Don’t get me wrong. We travel with a towel. Two of them, actually. But they remain hidden down in the deepest recesses of our panniers and rarely see the light of day. We simply use our tshirts to dry off with.
So why are we lugging two towels around the world, you ask? For sentimental reasons, I could answer. But the truth is that we carry them only for when it is simply too cold to use our shirts. When we climb up into the Andes and the air temperature plummets and there is ice all around us – then we won’t want to be wandering around with a wet shirt.
But mostly, we are perfectly fine with using our shirts as our towels. And that way we don’t have to figure out how to get said towels dry. And how to get them dry enough to prevent the funk from building up.
Think about it. You might come to the very same conclusion we have!
7. Water filter
Craig Martin from Indie Travel Podcast: I’ve seen water filters, especially the cool, Star Trek-esque straws, popping up on packing lists all over the internet. My question to you is … Where on earth are you going?! Water is drinkable straight out of the tap in many, many locations around the world. And if it isn’t, bottled water is available from the shop on the corner of every street in cities and towns. I’d say 90% of travellers do not need to pack any kind of water filtration device.
There are travellers who need it: people who are going to developing countries … and getting off the beaten path. People who are hiking or mountaineering. People who might need a jungle survival kit. But, let’s face it, you are probably not that traveller: keep your money in your wallet for now and spend it somewhere useful.
Nomadic Matt: I never take a jacket where I go. I have a long sleeve shirt in case it gets chilly but jackets are bulky and heavy and add a lot of weight to your backpack. If I am going somewhere cold, I will buy a jacket for that time period. When I leave, I’ll donate to a homeless shelter. It may cost a bit of extra money but if you are moving around between climates a lot, it will save you a lot of room. People always over pack on their trip and take everything for every occasion. But, you only end up wearing half of what you take anyways. A jacket is one of those items I find I rarely ever wear. Why carry that jacket from ski season in New Zealand all the way through southeast Asia? You’re not going to wear it. Better to just buy as you need. Plus, donating to charity is good for the soul.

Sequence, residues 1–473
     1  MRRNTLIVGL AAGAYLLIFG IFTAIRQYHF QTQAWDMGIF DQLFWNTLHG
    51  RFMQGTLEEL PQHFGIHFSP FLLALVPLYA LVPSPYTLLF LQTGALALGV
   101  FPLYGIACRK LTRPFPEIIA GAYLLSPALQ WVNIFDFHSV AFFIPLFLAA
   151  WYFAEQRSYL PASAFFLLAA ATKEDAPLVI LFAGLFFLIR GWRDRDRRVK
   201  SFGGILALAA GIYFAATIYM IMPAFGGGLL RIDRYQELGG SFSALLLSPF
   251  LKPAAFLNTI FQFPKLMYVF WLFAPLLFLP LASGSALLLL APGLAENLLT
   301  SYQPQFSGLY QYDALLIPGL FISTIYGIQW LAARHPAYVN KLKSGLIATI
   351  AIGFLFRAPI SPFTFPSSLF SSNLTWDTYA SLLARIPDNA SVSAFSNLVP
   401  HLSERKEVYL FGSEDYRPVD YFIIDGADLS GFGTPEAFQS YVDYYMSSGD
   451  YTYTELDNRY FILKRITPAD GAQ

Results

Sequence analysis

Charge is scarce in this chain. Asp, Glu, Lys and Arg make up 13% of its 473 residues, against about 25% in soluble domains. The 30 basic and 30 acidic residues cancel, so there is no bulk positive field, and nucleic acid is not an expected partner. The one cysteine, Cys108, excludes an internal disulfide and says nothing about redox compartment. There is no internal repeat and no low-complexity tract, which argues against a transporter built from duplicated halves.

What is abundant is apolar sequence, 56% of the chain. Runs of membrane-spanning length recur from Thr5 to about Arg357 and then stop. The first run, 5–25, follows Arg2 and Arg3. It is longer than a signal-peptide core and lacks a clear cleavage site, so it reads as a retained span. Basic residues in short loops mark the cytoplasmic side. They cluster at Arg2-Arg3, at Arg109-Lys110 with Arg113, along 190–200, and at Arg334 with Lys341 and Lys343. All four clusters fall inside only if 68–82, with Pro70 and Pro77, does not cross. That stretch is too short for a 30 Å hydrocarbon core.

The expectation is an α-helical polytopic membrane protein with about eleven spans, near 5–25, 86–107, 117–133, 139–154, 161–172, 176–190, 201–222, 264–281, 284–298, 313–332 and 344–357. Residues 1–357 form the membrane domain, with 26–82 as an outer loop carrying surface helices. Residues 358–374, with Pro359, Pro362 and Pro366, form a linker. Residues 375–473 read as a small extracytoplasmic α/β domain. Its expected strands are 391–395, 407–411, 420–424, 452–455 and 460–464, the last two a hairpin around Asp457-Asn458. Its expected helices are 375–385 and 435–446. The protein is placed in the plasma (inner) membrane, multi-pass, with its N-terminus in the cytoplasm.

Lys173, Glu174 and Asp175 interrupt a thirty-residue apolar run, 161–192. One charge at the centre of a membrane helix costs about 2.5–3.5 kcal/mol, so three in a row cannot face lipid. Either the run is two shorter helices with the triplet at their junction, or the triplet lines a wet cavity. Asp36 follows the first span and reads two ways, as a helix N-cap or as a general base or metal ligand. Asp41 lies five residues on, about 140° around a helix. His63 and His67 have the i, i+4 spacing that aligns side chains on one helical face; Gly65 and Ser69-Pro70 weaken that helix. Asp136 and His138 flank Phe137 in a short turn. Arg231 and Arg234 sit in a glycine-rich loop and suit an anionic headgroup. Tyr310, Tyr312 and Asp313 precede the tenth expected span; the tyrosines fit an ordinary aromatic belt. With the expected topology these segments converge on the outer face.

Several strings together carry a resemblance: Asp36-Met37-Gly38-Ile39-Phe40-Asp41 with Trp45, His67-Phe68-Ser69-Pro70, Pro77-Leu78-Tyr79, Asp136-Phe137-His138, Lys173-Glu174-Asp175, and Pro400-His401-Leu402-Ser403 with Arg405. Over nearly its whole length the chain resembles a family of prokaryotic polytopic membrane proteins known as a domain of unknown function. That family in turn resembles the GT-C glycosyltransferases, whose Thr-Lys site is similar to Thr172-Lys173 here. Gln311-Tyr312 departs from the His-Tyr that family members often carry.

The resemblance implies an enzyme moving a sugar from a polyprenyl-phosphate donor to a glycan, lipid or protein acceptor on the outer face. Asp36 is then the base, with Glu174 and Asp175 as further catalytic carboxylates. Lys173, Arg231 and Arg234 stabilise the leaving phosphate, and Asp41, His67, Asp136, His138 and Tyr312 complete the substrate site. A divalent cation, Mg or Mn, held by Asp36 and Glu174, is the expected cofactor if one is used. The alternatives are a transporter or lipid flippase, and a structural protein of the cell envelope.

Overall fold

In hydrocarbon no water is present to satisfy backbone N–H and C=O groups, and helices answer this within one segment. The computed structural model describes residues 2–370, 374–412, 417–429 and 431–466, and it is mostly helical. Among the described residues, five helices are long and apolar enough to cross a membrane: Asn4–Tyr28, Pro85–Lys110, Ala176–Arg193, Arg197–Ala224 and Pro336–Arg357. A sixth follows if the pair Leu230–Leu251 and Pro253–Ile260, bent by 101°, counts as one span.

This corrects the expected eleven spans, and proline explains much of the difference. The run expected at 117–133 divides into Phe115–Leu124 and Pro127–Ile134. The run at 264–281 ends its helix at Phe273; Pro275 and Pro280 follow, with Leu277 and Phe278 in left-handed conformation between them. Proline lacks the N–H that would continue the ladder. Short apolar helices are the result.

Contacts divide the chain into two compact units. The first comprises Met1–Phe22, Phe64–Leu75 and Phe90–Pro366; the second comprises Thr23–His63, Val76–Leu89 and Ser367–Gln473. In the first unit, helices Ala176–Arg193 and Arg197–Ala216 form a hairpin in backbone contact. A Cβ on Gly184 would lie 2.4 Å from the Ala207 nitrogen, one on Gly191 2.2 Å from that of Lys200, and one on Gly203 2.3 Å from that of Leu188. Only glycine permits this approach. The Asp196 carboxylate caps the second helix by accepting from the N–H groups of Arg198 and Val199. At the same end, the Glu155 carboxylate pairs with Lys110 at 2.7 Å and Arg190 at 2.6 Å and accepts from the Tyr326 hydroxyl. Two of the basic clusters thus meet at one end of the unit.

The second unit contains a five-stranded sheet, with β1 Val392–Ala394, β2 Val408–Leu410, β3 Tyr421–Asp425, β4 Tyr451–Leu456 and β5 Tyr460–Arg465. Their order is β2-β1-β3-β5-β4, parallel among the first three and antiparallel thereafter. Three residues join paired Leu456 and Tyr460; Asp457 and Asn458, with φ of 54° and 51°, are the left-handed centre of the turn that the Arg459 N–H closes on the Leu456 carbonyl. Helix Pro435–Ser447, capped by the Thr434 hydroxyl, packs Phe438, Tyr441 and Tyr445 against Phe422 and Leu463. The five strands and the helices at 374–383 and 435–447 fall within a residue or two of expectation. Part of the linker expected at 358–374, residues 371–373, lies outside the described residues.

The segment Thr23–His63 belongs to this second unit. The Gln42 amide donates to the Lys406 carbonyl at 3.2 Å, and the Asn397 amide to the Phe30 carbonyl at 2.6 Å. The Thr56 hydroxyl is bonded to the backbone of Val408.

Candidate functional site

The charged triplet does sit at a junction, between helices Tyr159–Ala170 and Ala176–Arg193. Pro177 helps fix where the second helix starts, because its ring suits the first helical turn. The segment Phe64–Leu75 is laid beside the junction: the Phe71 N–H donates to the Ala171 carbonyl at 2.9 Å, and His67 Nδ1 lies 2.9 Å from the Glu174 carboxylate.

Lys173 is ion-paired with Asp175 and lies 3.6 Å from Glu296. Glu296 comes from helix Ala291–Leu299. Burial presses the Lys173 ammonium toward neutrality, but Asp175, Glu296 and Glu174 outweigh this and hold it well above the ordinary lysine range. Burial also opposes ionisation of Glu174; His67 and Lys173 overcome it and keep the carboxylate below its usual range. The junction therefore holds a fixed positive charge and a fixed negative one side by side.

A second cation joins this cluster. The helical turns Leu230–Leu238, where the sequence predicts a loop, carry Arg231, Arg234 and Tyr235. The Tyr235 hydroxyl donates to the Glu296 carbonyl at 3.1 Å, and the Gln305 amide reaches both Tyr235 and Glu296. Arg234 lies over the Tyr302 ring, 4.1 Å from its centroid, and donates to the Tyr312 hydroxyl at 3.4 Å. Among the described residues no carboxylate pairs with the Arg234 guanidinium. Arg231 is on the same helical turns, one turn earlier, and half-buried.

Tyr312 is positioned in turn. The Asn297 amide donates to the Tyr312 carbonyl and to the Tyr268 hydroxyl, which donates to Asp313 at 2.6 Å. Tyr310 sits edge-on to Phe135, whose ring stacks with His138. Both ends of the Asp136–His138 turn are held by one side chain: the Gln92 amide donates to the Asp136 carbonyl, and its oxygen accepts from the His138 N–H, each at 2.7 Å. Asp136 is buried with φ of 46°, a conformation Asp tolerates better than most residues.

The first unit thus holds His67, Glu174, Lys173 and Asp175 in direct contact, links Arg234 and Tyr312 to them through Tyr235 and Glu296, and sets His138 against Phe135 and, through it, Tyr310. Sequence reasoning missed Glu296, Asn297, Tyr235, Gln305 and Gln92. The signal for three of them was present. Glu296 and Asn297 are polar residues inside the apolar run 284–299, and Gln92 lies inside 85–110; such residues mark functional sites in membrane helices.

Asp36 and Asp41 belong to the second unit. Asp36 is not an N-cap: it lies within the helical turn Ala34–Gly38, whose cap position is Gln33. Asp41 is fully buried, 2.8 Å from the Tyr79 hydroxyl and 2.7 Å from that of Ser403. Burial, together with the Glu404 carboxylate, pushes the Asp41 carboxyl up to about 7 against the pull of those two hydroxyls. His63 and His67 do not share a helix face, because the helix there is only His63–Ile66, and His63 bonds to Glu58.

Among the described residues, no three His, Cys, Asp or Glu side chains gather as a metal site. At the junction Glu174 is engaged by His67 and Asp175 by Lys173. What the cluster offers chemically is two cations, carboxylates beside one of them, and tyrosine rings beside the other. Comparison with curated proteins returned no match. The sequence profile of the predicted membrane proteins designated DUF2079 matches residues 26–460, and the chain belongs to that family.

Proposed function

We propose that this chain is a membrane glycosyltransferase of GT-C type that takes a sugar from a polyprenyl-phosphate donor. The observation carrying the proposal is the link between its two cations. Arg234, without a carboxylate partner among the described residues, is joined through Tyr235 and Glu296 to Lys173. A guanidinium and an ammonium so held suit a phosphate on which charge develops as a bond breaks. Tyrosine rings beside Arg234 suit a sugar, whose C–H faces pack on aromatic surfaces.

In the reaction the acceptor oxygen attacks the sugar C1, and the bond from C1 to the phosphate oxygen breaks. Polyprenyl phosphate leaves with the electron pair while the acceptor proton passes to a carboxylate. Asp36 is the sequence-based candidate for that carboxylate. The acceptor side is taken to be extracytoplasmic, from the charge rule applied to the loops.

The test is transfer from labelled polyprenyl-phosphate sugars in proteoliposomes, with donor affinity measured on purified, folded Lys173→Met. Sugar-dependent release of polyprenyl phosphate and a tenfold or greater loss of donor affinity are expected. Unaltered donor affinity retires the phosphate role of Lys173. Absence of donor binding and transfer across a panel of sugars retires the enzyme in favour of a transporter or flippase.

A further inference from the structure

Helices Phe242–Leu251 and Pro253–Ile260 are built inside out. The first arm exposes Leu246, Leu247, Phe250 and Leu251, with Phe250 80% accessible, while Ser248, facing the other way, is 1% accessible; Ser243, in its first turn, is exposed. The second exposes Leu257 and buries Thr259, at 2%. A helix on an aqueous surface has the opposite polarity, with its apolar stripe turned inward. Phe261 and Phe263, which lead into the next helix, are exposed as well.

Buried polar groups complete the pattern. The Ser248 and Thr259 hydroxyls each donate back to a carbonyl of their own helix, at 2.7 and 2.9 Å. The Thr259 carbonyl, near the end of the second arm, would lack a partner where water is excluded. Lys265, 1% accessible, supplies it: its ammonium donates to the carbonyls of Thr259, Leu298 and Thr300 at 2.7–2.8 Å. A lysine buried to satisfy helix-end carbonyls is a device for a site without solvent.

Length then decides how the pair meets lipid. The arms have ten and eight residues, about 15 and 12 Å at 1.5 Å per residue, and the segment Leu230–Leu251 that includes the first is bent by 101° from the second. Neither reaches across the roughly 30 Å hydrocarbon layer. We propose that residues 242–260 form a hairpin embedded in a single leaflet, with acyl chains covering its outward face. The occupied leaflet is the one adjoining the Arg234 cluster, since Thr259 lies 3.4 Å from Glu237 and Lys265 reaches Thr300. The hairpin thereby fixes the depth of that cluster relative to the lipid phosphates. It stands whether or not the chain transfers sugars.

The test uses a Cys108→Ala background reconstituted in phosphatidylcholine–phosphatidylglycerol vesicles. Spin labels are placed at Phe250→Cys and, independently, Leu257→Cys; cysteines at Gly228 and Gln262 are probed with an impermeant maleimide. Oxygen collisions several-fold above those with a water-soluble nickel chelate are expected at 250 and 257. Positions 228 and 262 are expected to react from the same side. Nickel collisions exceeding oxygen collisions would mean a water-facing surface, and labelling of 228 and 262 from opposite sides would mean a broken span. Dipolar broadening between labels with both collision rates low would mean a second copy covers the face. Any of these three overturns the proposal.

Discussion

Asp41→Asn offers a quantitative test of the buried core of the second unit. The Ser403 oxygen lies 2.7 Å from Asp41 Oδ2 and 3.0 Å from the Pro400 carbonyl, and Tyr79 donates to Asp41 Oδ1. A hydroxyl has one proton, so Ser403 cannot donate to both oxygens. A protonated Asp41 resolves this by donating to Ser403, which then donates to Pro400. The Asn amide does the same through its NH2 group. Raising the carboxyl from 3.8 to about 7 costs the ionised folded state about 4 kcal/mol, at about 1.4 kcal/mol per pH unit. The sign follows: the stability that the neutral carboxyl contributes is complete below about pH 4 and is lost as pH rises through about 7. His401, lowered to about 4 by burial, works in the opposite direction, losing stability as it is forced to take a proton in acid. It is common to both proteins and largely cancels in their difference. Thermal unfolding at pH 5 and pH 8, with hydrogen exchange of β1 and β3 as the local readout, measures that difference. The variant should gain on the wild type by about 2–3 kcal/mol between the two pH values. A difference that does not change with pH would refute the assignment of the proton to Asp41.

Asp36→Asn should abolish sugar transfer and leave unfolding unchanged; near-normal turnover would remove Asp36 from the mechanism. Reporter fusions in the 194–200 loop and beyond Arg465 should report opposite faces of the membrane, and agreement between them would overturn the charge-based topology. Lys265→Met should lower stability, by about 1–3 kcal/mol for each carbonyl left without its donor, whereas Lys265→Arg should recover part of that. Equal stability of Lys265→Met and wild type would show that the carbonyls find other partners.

9. Chargers and cables
Dave from The Longest Way Home: Chargers and cables! One for the phone, mp3 player, laptop, camera, aa/aaa batteries and shaver. I used to carry them all wrapped up in a wash bag and boy did it weigh. This was 5 years ago, before some nice people made multi adapters and fast chargers. aaa/aa batteries are now charged with a 15 minute charger that takes care of my torch, camera, shaver, mp3 player. I dumped an old phone charger and got a slim new fast charge one. Now my bag is lighter by 50 %.
I also carry a small multi socket adapter for hostels. These days one walks into one and the few precious sockets usually have queues of people around them with tons of cables and devices wrapped around them. For me I just need one socket and most things are charged in 15 minutes. Laptop and Phone taking 2 hours. But best of all, no more carrying around heaps of cable like a portable electrician.
Greg from Greg Wesson’s Esoteric Globe: I see so many people travelling nowadays with their eyes closed and those white buds in their ears. That is fine and good for a commuter train rides. When riding a bus through the wilds of Costa Rica though, you lose something when you throw in your ear buds and select your “groove out” playlist instead of taking the opportunity to watch the scenery, listen to the sounds of travel and most importantly interact with your fellow travellers and locals. Of course, I could be wrong and this all could be jealousy on my part seeing as I have no mp3 player to speak of… But I am pretty sure I’m right.
11. Vintage Hermes scarf
Laura Motta from Le Blog Laura: I have a vintage Hermes scarf that I bought some years ago. It’s beautiful and I love it, and when I decided to move to Paris, I had plans for it. I imagined being so utterly chic in this utterly chic city in my utterly chic scarf, sitting in cafes and going to parties. But here’s the thing. I didn’t go to Paris to work or to be a fashionable lady of leisure. I was a student. During those dreary winter months, my wardrobe consisted mostly of Old Navy jeans and pilled sweaters. My scarf stayed packed away for the entire semester. It was amazing how my weird cultural perceptions—I’m not sure who wears Hermes scarves in Paris, but penniless students do not—affected my packing list.
12. Zip-off convertible trousers
Geoff from Itinerant Londoner: The most common packing mistake I regularly see other travellers make is to bring those zip-off convertible trousers. Why such a mistake? Well, it’s quite simple. They make you look like an idiot.